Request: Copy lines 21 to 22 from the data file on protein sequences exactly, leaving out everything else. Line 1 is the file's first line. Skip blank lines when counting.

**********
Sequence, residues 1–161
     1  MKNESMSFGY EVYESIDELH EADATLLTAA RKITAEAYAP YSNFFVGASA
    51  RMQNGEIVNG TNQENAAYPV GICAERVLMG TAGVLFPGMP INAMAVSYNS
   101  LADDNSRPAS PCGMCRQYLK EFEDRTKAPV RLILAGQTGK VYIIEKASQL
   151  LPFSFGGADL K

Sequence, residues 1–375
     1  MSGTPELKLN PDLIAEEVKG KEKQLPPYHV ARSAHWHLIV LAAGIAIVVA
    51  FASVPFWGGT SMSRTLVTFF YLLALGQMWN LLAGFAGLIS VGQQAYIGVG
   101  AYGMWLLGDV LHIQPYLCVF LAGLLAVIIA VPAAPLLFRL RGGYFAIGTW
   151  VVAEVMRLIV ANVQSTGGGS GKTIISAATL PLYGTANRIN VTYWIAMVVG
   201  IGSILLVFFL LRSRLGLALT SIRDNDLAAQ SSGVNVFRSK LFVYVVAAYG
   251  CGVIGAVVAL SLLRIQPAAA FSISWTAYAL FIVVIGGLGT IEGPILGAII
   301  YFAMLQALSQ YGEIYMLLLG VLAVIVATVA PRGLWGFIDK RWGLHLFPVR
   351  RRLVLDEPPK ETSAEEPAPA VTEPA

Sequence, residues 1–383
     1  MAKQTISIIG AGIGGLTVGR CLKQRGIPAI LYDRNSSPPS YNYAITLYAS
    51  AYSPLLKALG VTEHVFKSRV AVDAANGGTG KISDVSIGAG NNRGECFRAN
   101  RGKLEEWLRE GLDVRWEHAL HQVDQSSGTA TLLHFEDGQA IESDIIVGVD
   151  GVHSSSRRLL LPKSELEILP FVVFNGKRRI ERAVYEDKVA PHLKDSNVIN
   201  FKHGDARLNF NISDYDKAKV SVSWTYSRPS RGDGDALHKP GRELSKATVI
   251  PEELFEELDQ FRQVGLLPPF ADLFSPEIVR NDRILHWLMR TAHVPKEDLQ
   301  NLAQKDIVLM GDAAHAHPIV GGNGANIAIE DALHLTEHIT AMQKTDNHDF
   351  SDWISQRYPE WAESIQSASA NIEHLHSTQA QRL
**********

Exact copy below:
   251  PEELFEELDQ FRQVGLLPPF ADLFSPEIVR NDRILHWLMR TAHVPKEDLQ
   301  NLAQKDIVLM GDAAHAHPIV GGNGANIAIE DALHLTEHIT AMQKTDNHDF